Opened in 2012 by Turkish author and Nobel laureate Orhan Pamuk, Istanbul’s Museum of Innocence (Masumiyet Müzesi) is designed to complement Pamuk’s novel of the same name. The exhibitions tell the story of his book through objects that Pamuk collected personally. It isn’t necessary to have read the book to enjoy the evocative collection.The Basics
Housed in a 19th-century home in the Cukurcuma neighborhood, the Museum of Innocence and its collection of artifacts call up the Istanbul of the 1970s. The novel and the museum map the story of upper-class Istanbulite Kamal, who falls in love with his distant, poorer cousin, Fusun. The museum’s 83 display cabinets correspond with the 83 chapters of the novel.
Some private walking tours of the Beyoglu district visit the Museum of Innocence. These tours may also visit Istiklal Avenue, the Pera Museum, and the Cukurcuma neighborhood.
Things to Know Before You Go
- The Museum of Innocence is a must-visit for literature buffs and Orhan Pamuk fans.
- Entrance is free with your copy of the book.
- Where comfortable shoes to you explore the museum.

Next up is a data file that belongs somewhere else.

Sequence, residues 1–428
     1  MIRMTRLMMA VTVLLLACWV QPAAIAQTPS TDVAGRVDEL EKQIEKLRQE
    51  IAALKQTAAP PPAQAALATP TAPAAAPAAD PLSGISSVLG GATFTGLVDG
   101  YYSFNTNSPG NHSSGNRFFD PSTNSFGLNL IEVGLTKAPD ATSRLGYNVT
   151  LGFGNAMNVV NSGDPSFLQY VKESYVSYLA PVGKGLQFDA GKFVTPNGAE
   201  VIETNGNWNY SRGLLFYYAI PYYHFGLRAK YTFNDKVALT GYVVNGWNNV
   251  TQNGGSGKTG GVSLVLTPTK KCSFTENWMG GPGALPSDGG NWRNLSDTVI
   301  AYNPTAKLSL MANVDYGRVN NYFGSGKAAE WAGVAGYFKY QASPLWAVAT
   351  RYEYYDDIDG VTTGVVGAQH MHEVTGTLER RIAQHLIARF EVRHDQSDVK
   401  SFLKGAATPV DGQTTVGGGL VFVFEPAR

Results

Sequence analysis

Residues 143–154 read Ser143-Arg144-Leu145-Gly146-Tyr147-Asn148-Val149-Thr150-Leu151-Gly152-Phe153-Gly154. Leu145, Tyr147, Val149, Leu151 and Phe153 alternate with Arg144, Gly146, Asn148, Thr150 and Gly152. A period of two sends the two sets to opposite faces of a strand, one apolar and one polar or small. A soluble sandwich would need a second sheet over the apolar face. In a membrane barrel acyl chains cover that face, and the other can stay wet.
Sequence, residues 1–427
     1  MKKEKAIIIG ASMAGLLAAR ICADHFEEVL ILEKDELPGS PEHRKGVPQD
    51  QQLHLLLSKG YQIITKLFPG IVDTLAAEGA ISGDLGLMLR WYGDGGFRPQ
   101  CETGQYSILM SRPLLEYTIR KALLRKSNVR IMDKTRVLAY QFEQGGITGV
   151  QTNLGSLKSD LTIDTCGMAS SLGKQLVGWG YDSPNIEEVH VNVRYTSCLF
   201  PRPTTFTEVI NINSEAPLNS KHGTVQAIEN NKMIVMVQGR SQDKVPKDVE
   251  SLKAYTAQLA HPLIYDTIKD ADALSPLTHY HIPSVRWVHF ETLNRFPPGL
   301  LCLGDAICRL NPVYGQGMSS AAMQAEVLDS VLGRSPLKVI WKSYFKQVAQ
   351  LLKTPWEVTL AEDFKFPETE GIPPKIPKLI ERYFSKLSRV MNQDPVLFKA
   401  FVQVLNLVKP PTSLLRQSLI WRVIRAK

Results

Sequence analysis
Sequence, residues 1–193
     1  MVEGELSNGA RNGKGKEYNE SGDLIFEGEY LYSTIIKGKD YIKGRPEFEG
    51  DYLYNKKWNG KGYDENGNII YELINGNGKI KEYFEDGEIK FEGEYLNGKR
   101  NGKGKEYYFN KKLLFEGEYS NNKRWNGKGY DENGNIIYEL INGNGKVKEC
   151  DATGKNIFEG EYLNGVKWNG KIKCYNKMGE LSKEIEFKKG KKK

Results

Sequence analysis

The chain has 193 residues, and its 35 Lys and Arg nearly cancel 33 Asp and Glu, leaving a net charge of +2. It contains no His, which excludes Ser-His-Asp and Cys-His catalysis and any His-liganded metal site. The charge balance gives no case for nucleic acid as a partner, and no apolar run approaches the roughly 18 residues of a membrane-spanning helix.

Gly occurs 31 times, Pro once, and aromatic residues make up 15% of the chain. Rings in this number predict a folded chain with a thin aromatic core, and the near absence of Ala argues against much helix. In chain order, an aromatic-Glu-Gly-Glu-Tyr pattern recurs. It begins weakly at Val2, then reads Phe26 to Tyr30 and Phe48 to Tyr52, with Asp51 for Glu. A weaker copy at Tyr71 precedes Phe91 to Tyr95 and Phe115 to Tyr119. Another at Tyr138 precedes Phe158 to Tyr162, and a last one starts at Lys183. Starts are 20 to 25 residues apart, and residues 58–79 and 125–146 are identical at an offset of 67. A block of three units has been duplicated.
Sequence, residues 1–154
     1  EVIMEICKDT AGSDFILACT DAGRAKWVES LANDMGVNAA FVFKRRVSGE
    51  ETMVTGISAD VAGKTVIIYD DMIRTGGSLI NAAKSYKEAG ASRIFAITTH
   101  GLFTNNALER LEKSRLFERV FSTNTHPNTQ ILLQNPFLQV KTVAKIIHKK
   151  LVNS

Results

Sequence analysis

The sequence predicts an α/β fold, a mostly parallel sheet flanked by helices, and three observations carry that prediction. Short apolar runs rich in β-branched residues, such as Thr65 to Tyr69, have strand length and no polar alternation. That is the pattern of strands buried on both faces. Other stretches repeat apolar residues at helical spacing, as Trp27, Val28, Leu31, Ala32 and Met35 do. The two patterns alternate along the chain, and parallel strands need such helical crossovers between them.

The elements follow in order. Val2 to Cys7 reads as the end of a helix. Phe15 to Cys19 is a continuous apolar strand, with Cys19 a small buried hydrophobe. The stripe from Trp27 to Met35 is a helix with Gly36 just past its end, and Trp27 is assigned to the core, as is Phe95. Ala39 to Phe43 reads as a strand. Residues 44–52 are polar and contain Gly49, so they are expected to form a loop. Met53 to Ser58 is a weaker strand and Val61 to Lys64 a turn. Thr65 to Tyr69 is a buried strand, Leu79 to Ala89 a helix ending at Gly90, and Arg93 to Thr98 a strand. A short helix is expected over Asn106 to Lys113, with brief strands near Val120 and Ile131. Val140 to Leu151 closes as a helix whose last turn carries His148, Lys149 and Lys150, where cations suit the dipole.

- Only the ground floor of the museum is accessible to wheelchair users.
How to Get There
The Museum of Innocence is located in Istanbul’s Cukurcuma neighborhood, a short walk uphill from the Tophane tram stop and a longer walk downhill from the pedestrianized Istiklal Avenue. It is most convenient to take a taxi or to book a tour that includes transportation to the museum.When to Get There
The Museum of Innocence is open from 10am to 6pm Tuesday through Sunday and until 9pm on Thursday. The museum is closed on New Year’s Day and on some holidays. The museum can get busy in the afternoon, so arrive earlier in the day to beat the crowds.Objects from the Story
Each of the 83 cabinets in the museum’s exhibition contain different objects that correspond to chapters in the book. One prominent piece features 4,213 cigarette butts, each said to have been smoked by love interest Fusun. Another cabinet contains a collection of salt shakers, while yet another holds antique lamps.